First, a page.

A few weeks ago, I had the privilege of traveling to Utah with The Nomadic School of Wonder to learn from a herd of wild horses. They live at Windhorse Relations, an organization dedicated to providing care and stewardship of the horses, learning from them, and giving others the chance to experience the power of connecting with the herd.
On the first morning of the experience, the organization’s founder, Mary Lee Brighton, strode into the center of a round pen with a jittery horse named First Star. Mary Lee held a frame drum encased in a deerskin pouch. As she entered the pen, First Star’s eyes widened and his nostrils dilated.
Mary Lee explained that horses are prey animals. Anything unfamiliar represents a potential threat. Since the drum case, with its dangling tassles and odd jangly sounds, was new to First Star, he was understandably anxious.
She moved around the pen and First Star did everything he could to put maximum distance between himself and the drum case.
Over the next hour, Mary Lee worked with First Star, helping him conquer his fear of the threatening drum. In the process, she offered a master class not just in working with horses, but also in leadership.
Here are five lessons gleaned from the heart of the horse:
The problems of poverty, disease, and environmental decay cannot be solved merely by the use of more and more scientific technology. Technological fixes usually turn out to be a jumble of procedures that have unpredictable consequences and are often in conflict with natural forces. Indeed, technological magic is not much better than primitive magic in dealing with the fundamental issues of human existence, and in addition, it is much more destructive.
–Rene Dubos, 1967
At a recent conference billed as an exploration of the intersection of Social Impact and Exponential Technologies, a prominent tech luminary spoke on the increasing incidence of depression and how technology will be essential to dealing with it.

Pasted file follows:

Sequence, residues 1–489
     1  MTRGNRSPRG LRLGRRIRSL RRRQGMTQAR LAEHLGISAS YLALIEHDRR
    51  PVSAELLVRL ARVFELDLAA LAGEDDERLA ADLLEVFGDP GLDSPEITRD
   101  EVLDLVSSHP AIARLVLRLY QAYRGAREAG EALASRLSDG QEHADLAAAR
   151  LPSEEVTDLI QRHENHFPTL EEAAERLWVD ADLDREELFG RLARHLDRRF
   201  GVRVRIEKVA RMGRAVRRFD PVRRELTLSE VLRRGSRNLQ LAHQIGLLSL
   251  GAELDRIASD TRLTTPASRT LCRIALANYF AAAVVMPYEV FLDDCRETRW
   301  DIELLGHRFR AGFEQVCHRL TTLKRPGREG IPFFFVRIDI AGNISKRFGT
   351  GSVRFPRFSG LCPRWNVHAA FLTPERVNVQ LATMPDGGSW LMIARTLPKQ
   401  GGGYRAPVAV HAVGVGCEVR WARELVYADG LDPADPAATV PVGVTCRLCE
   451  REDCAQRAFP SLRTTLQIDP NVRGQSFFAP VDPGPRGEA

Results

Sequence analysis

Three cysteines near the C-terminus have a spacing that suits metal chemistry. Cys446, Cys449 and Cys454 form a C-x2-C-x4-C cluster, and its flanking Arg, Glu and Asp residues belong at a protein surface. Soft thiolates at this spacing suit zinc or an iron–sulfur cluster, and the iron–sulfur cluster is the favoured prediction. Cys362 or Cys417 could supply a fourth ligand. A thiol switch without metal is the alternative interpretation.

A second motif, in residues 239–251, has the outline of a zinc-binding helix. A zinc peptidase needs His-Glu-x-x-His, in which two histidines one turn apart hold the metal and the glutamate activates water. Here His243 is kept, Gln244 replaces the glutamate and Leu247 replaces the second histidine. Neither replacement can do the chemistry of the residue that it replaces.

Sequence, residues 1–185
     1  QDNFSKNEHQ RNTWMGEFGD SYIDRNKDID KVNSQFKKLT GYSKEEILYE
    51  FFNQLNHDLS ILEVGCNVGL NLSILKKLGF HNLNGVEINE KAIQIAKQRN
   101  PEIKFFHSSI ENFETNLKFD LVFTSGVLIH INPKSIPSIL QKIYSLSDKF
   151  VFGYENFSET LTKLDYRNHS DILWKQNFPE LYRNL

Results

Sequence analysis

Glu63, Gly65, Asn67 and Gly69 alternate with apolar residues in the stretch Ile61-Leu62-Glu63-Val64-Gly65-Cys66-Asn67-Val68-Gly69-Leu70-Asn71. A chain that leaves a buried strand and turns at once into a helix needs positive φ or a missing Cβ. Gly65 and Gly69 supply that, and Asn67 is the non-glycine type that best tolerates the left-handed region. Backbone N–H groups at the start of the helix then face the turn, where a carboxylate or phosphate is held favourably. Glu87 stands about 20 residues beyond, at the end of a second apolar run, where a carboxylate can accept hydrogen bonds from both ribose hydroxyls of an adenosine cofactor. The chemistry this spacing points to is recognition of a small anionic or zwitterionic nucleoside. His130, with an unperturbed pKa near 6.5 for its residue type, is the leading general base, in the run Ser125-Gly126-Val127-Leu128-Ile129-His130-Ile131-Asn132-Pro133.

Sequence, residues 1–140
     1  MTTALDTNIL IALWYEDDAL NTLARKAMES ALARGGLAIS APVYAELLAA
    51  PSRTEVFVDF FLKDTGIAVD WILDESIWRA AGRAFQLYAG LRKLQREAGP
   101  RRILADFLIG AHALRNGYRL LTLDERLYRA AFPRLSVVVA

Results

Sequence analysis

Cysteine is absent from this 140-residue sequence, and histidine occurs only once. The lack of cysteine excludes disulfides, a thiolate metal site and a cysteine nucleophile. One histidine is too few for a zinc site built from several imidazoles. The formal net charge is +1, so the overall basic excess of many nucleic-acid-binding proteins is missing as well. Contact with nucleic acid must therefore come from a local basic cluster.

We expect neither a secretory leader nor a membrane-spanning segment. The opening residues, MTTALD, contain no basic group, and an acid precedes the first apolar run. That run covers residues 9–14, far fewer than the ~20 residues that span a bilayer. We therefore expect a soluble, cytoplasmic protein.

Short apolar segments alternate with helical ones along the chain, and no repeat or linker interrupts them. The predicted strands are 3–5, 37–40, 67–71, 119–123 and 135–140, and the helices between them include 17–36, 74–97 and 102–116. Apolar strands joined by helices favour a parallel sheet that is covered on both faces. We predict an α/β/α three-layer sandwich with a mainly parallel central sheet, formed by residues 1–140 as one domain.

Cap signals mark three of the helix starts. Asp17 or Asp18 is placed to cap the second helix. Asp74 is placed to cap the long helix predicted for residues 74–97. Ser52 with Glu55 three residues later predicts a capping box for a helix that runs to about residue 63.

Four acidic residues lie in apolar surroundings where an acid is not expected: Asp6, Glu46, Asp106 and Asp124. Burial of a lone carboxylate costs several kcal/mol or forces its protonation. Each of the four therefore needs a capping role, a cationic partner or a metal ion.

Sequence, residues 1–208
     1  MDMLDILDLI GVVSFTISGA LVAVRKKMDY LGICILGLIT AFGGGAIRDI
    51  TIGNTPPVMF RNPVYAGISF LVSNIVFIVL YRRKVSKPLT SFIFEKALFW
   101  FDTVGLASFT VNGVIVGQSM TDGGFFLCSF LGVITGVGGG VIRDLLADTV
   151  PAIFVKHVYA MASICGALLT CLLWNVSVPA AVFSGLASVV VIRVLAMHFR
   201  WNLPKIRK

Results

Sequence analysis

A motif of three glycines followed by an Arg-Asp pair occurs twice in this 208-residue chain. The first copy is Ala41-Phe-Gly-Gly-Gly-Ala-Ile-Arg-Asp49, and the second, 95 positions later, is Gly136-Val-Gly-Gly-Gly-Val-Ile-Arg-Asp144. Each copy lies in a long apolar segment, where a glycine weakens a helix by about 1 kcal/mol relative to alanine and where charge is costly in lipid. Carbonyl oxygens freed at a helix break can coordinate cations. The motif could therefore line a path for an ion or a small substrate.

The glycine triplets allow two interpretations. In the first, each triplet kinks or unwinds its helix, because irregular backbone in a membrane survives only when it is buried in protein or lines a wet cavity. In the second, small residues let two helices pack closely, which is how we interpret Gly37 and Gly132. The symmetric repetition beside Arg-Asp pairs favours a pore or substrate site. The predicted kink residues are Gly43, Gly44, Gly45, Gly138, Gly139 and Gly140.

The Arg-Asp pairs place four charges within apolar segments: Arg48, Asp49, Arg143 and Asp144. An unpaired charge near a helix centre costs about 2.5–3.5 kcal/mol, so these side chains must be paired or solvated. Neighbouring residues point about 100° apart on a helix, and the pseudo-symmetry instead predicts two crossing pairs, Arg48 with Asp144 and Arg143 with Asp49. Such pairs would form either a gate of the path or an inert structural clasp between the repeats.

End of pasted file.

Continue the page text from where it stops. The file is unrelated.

She walked us through data showing that depression is projected to increase several-fold in the next decade. Other data laid out the developed world’s current capacity to treat depression. There was a clear and growing gap. We simply will not have the resources to handle the epidemic.
We must, the speaker said, find a way to increase our capacity to serve those grappling with depression. It’s not possible to train enough therapists in time to offer support. Fortunately, exponential technology, specifically adaptive intelligence, can help.
Currently, those working with depression have limited options for getting support. Almost all of them involve having to find and vet a therapist, go to therapy consistently, and/or get a prescription medication. With adaptive intelligence, help could be as close as an app on your phone.
The speaker walked us through a use case. Someone feels unmotivated, disconnected, and depressed. They log on to a secure (much emphasis was placed on ‘secure’) app and are greeted by an adaptive Artificial Intelligence that approximates warmth and curiosity. With a few questions customized to inspire reflection and sharing, the AI triages users.
Some people may only need a bit of space for reflection. For them, the AI provides the necessary level of support.
Others may require more intensive support. The AI detects this and links them to a trained therapist for a consultation.